Of Snake Oil, PINs and Breaches

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Of Snake Oil, PINs and Breaches

Jason Kratovil is Vice President of Government Affairs for Payments at the Financial Services Roundtable

What would happen if there was a decades-old drug that was only effective for a very small number of patients, had potential bad side effects and was rapidly being eclipsed by more effective drugs, yet a vocal minority continued to push this drug as the cure-all, and wanted to require everyone to take it?

In all likelihood, no one would take this snake oil sales pitch seriously.

Yet, that’s exactly what’s happening in the echo chamber of Washington as a few merchant trade associations are working feverishly to convince policymakers that “Chip and PIN” is the panacea for preventing merchant data breaches and data security issues writ large. It’s a bunch of Gish Gallop: Just because they say it, doesn’t make it true.



Let’s weave together some non-fiction:

Card technology alone does not prevent merchant data breaches.

When a criminal robs a convenience store and runs off with all the cash from the register, do people blame the cash for allowing itself to be stolen? No. So you have to wonder about the logic that blames payment cards for retailers’ data breaches. It’s a remarkable logical fallacy.

In many of the recent high-profile data breaches, hackers gained access to point-of-sale terminals through compromised network security credentials (often at a merchant’s third-party vendor) and porous internal merchant systems that allowed the malware to work its way from entry points (like vendor payment portals) all the way to the checkout counter. From there, stolen data finds its way to the less virtuous parts of the Web, where the hackers attempt to sell the stolen payment card data. For the criminals who buy this information, it takes minimal investment to be able to create new, physical counterfeit cards which can be used to commit fraud. So it’s not surprising that…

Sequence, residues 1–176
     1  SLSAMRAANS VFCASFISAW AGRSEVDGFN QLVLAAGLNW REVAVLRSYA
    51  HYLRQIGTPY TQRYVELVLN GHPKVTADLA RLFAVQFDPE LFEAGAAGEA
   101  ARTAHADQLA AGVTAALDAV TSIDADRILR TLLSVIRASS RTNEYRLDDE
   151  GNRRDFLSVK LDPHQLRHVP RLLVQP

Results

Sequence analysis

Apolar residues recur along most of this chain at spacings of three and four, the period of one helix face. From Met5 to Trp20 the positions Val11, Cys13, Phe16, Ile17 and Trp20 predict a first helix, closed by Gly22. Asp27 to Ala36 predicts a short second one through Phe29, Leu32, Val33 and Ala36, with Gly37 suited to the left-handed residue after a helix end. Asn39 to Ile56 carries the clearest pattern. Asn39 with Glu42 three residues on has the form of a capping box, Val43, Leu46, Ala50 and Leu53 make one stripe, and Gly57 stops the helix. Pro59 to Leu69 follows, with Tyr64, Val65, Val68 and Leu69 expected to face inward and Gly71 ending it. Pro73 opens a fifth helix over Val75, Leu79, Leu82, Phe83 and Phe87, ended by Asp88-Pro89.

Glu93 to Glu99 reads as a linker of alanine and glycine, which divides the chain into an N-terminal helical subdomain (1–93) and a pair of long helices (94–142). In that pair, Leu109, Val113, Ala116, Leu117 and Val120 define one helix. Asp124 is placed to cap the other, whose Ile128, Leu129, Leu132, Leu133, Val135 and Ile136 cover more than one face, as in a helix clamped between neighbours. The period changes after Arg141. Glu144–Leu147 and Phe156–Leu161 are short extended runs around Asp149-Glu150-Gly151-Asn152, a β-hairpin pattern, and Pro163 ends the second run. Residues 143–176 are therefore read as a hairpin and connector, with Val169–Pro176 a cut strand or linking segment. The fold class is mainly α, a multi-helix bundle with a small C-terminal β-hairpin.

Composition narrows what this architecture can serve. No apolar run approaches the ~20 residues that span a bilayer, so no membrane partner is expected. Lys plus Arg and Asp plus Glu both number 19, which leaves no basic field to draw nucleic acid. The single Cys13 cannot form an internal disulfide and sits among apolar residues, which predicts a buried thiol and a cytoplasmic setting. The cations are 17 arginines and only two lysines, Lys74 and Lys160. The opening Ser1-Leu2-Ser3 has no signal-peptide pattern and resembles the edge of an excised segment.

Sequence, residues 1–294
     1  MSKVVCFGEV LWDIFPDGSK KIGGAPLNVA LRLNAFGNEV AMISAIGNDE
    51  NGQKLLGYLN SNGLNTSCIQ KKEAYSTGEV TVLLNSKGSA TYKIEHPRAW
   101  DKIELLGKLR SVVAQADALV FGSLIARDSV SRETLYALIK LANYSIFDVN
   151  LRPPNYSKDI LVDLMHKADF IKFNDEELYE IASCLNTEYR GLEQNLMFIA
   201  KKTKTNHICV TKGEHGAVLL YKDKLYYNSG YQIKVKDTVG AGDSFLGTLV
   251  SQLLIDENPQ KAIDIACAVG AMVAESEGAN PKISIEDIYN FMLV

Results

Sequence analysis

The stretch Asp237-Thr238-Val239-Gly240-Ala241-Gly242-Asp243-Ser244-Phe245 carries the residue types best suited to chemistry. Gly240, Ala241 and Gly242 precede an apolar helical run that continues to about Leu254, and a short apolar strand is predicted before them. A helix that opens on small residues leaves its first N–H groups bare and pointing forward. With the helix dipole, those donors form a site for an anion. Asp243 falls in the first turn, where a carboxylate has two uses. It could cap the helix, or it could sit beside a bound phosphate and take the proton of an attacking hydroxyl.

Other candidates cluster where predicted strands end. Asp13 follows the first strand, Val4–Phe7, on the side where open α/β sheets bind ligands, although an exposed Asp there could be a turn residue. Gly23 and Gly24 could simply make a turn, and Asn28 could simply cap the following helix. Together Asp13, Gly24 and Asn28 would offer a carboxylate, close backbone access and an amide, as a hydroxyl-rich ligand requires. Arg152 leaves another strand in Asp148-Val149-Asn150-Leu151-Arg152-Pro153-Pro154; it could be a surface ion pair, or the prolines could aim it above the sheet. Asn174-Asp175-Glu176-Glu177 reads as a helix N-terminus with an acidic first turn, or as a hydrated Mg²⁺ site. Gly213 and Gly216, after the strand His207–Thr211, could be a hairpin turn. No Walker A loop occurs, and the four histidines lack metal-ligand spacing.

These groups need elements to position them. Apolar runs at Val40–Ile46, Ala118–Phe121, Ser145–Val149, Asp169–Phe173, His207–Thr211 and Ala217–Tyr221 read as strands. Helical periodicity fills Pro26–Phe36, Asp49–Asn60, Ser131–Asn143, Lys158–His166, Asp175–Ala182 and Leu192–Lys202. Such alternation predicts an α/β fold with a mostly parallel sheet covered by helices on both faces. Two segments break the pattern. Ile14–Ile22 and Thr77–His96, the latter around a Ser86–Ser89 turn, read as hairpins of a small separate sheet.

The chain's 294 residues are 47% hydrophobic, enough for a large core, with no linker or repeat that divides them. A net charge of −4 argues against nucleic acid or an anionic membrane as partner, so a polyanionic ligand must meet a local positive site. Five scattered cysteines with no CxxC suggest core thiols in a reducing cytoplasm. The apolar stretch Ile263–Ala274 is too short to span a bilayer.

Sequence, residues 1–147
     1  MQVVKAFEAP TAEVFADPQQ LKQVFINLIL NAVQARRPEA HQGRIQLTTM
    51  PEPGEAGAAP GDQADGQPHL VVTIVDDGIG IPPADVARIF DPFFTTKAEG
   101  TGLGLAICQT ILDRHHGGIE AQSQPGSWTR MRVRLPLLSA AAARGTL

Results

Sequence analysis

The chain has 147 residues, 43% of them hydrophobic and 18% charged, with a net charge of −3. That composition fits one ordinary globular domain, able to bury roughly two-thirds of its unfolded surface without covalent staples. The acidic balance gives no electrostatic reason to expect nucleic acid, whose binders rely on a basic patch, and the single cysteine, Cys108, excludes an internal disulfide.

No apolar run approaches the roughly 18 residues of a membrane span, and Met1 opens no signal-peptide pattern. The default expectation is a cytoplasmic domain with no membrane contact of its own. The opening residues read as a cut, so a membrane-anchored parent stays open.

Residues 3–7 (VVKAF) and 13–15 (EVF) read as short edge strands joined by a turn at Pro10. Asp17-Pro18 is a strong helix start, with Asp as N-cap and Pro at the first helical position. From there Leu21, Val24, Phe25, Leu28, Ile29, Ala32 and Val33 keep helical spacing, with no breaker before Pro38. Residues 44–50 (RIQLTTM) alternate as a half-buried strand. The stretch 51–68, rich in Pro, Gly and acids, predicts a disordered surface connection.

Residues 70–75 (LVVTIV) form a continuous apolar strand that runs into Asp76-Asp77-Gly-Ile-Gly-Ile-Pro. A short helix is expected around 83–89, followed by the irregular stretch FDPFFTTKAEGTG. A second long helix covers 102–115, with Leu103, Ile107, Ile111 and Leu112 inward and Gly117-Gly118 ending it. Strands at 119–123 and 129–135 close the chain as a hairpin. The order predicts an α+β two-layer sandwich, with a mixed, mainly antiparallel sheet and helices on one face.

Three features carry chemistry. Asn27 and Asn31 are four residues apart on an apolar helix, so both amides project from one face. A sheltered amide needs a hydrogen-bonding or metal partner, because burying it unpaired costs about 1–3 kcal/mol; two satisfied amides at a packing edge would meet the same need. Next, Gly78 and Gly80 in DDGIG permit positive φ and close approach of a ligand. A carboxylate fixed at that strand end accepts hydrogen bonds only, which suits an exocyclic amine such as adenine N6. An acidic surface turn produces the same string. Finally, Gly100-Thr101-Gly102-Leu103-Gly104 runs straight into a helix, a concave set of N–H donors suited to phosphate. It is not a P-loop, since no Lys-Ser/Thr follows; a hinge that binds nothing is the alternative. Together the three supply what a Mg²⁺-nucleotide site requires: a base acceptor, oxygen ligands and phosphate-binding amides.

…Counterfeit card fraud, which chips help prevent, accounts for many times more fraud than fraud from lost or stolen cards, which is the only thing PINs could address.

Think of fraud as a pie. According to data from Visa, the biggest slice — at about half of all fraud — is fraud resulting from online or other “card not present” situations. The next largest slice is from counterfeit card fraud at 33 percent. Having a chip on a card will dramatically reduce this number, as it is nearly impossible to duplicate a chip card. Fraud from lost or stolen cards accounts for just nine percent of fraud, and here’s something you may not know, which is …

…In almost every single case of lost or stolen fraud, merchants have zero financial liability.

MasterCard and Visa’s operating rules make this quite clear: the issuer is on the hook in almost every possible case of fraud resulting from a lost or stolen card. This is true whether there’s a chip on the card or not. Of course…

…Consumers have zero liability for any of these types of fraud.